Fall is right around the corner, which means it is almost time for Fido to earn his keep. Most states across this great nation open up their small game seasons in early September. About that time, most hunters pull their dog off the couch and head for the woods and the water. Like many Americans, most dogs don’t get much exercise. As a result, when hunting season rolls around, man’s best friend isn’t fine-tuned and ready for the season ahead.
To make matters worse, it can be extremely warm in early September, which can cause dehydration or stroke in dogs. If a dog is in bad shape, it is even more likely to have health issues when running for miles in hot weather. In 2003, an estimated 100 dogs died on the opening weekend of South Dakota’s pheasant season.
I spend a lot of time hunting birds in the fall. Like many hunters, my dogs are always outfitted with Garmin GPS collars. The GPS keeps track of how many miles my dogs walk and run. On a consistent basis, my dogs run three to five times more on a hunt than I walk. Imagine how tired my dogs are after a long hunt!
Most hunters love their dogs almost as much as they do their own kids, but unfortunately many of the things listed above aren’t thought about by hunters before hunting season. Keep in mind it is in the best interest of every dog owner to get their dog physically ready for hunting season the same way they would prepare themselves for a backcountry elk hunt.
Roger Sigler from Antler Ridge Kennels in Missouri spends a lot of time training dogs for the woods. He is best known for training antler dogs that are also great at retrieving waterfowl and other game. He makes a point to train his dogs several times a week all year but says the best thing any hunter can do if they are short on time is to get their dog in the woods or water on a regular basis, starting 60 days before hunting season opens. “My favorite way to prepare dogs for hunting season is by taking them for a swim,” Sigler said. In fact, swimming is a great exercise for dogs like it is for people and can quickly help a dog drop extra weight. Taking dogs on a swim several days a week starting in mid-July is a great way to prepare them for fall. If a dog doesn’t like water, take him for a hike in the woods several days a week. A healthy, fit dog will be happier and a better all-around hunting dog than a dog that sits in a kennel until a few days before season opens.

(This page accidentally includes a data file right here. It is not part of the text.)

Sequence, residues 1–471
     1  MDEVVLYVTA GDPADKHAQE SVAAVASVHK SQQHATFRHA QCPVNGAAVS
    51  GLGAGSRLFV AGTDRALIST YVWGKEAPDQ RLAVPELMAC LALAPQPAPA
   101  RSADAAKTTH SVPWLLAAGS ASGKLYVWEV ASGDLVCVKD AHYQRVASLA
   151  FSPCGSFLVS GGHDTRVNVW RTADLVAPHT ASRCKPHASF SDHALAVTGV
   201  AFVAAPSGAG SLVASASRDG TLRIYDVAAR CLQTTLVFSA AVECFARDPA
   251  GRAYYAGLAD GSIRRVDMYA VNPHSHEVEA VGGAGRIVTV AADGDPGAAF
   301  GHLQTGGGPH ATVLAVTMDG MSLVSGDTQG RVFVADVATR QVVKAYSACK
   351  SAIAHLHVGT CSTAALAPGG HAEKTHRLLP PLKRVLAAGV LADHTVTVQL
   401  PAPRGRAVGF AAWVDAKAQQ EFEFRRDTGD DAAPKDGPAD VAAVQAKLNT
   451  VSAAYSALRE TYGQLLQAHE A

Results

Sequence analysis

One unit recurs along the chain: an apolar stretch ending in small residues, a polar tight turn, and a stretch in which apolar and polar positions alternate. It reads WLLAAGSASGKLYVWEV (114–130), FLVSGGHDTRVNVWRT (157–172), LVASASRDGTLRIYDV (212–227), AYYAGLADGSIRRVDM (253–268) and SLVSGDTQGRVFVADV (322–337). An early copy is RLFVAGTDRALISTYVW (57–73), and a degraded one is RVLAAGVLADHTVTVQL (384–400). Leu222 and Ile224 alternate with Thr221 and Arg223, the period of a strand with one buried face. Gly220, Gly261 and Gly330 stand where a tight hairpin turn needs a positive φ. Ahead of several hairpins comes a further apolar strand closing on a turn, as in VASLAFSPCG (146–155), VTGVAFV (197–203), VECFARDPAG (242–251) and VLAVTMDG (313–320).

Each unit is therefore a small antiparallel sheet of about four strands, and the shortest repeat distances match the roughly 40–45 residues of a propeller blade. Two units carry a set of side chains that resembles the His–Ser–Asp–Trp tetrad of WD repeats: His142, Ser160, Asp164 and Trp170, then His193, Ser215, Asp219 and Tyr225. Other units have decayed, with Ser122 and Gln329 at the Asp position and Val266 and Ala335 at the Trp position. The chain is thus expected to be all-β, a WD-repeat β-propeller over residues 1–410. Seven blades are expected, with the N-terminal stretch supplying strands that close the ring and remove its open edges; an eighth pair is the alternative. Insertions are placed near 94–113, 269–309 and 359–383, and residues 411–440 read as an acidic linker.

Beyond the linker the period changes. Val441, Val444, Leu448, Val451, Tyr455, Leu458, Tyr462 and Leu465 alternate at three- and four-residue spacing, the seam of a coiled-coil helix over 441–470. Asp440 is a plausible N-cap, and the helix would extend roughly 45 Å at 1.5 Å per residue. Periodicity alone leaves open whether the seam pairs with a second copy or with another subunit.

John Engelken, better known as Tracker John, is a full-time blood tracker who spends his fall tracking big bucks across the Midwest. He believes if you want a top-notch hunting dog that can perform at the highest level, the dog must be in shape. “When the rut hits and I am tracking many deer, I need a dog that doesn’t run out of gas,” said Engelken. “I train all year so my dogs can work hard all season.” Many hunters brag about their dogs being awesome hunters. In most cases, if you want to have an awesome hunting dog, being in shape is a must. “A dog that is out of shape is not going to be able to cover the same amount of ground as one that is in shape. An out-of-shape dog won’t likely find as much game as a dog that gets a lot of physical activity in the off season.”
Nutrition plays a role in a dog’s ability to stay in shape, hunt hard and live a long life. Tracker John feeds his bloodhounds a diet high in venison and doesn’t give them much processed dog food. “I believe their overall health is much better as a result of feeding them a diet high in meat. They have a lot of energy and don’t carry around several extra pounds.”
Wilderness Athlete’s head formulator Rich Scheckenbach knows a lot about dog and human nutrition needs. Scheckenbach and Wilderness Athlete recently developed a nutritional product line for dogs called K9Athlete. “Dogs really are amazing athletes and when people are working out or walking a lot of miles, they often think about their own nutritional needs but forget about the needs of the dog,” Scheckenbach said. “If a dog is working hard all day, giving them an extra boost can really help keep them healthy and help them perform better.”